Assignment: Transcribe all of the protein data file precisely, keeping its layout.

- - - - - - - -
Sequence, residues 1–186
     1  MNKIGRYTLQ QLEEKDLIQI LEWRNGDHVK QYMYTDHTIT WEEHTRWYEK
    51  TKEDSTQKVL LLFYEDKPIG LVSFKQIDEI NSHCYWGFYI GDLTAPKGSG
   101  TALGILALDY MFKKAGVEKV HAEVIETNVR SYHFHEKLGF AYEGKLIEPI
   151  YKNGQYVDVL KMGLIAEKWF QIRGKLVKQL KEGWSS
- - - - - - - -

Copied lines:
Sequence, residues 1–186
     1  MNKIGRYTLQ QLEEKDLIQI LEWRNGDHVK QYMYTDHTIT WEEHTRWYEK
    51  TKEDSTQKVL LLFYEDKPIG LVSFKQIDEI NSHCYWGFYI GDLTAPKGSG
   101  TALGILALDY MFKKAGVEKV HAEVIETNVR SYHFHEKLGF AYEGKLIEPI
   151  YKNGQYVDVL KMGLIAEKWF QIRGKLVKQL KEGWSS